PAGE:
Demanding Answers From Pakistan

By ZALMAY KHALILZAD

Washington

Francesco Bongiorni

SINCE the 9/11 attacks, Pakistan has behaved toward the United States as both friend and adversary — and gotten away with it. The latest evidence of its duplicity is the revelation that Osama bin Laden lived for years in a house near Pakistan’s national military academy and a local branch of its intelligence service without any evident interference.

Even before the American raid last week on Bin Laden’s compound in Abbottabad, Pakistan had a huge credibility problem. It provides arms and safe haven for Afghan insurgent groups and pays their commanders to carry out attacks, but denies doing so.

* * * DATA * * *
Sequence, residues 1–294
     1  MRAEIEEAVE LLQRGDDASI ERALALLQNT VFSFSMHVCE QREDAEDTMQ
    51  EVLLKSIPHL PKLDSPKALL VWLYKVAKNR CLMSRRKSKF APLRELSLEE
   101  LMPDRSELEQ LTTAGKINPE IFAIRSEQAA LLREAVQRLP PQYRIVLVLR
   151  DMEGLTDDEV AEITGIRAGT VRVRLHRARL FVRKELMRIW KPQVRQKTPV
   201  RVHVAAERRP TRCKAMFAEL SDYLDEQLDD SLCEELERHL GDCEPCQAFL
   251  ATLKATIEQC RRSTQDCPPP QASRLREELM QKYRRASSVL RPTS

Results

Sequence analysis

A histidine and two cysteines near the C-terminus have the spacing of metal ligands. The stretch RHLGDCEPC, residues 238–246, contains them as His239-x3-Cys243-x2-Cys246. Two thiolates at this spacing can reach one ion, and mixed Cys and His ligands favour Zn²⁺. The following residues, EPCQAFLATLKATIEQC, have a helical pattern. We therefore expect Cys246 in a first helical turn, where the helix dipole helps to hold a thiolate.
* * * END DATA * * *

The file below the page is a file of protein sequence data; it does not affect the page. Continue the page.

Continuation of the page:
In the broader war on terrorism, Pakistan says it is completely on our side. In fact, its record is very uneven. It has been helpful in arresting some high-value Qaeda operatives and has allowed the United States to wage Predator drone attacks. But it has refused to move decisively against groups that Washington regards as terrorists and has put limits on American unilateral operations. It is not surprising, then, that no one took seriously Pakistan’s protestations of innocence after the discovery of Bin Laden.

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